Malcolm Turnbull’s thirtieth successive Newspoll loss is 52-48 to Labor, down from 53-47, which actually completes a hat trick of polls for the Coalition over recent days which have been at the better end of normal for them (see previous post on Ipsos and Morgan results). On the primary vote, the Coalition up one to 38%, Labor is down two to 37%, the Greens are up one to 10% and One Nation is steady on 7%.
As Kevin Bonham has observed, it seems likely that Newspoll is no longer using a roughly 50-50 preference split for One Nation as per the results of the 2016 election, but is instead being guided by the lean towards the Coalition evident at the Queensland and Western Australian elections. This was apparent in the pollster’s recent quarterly state breakdowns, and this latest poll would come out at 52.7-47.3 if the earlier measure had been used (albeit that rounding might have changed this).
For personal ratings, Malcolm Turnbull is steady on 32% approval and up one on disapproval to 57%; Bill Shorten is down two to 32% and up three to 57%. On preferred prime minister, Turnbull is down a point to 38%, while Shorten is steady on 36%. The poll was conducted Thursday to Sunday from a sample of 1597.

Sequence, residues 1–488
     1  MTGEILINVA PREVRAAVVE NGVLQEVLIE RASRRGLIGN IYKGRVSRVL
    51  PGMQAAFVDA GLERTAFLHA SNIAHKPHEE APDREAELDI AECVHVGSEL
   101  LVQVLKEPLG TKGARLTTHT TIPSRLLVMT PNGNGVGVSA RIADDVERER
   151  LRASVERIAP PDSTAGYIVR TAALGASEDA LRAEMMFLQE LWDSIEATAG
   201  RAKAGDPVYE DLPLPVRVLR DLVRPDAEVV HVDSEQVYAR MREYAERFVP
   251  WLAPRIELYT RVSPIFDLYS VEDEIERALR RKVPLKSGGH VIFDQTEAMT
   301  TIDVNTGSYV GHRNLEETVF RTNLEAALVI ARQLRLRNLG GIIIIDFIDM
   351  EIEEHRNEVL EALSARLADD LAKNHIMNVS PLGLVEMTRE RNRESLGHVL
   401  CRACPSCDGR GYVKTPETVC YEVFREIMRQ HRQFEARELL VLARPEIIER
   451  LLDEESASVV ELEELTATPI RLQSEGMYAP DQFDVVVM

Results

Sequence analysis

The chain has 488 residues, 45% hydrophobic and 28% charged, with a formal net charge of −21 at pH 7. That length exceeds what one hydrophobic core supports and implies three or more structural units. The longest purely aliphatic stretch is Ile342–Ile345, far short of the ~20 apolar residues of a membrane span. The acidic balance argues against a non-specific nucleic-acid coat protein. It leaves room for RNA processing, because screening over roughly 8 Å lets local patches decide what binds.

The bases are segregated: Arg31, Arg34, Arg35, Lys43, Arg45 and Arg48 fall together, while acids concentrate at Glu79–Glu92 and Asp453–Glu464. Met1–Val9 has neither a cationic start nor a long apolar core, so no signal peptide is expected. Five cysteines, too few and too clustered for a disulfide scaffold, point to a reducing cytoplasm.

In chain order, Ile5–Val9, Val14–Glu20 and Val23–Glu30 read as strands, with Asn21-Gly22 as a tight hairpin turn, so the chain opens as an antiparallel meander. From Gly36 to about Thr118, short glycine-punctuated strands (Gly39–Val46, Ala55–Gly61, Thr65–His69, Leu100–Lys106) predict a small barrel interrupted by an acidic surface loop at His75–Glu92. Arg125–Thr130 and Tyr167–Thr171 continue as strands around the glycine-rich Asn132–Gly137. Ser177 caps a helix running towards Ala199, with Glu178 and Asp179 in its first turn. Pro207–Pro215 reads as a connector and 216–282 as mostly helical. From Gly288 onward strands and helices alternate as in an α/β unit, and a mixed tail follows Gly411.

Correctives to the notion that Tony Abbott should feel vindicated:
• Newspoll has been a lot less volatile in Malcolm Turnbull’s time than it was in Tony Abbott’s, when it was essentially a different poll – but even the most favourable outliers under Abbott failed to draw the Coalition level, such was the scale of their underlying deficit.
• At the time of his ousting in September 2015, my trend measure found Tony Abbott with a net approval of around 30%. Turnbull is currently at around minus 20% and was only as low as minus 25% at his nadir, whereas Abbott bottomed out at minus 45% right after the Prince Phillip knighthood on Australia Day 2015.
• Turnbull also enjoys a modest but consistent lead over Bill Shorten as preferred prime minister, whereas Abbott never did better than equal him, and was usually behind — often badly, which is very unusual for the incumbent.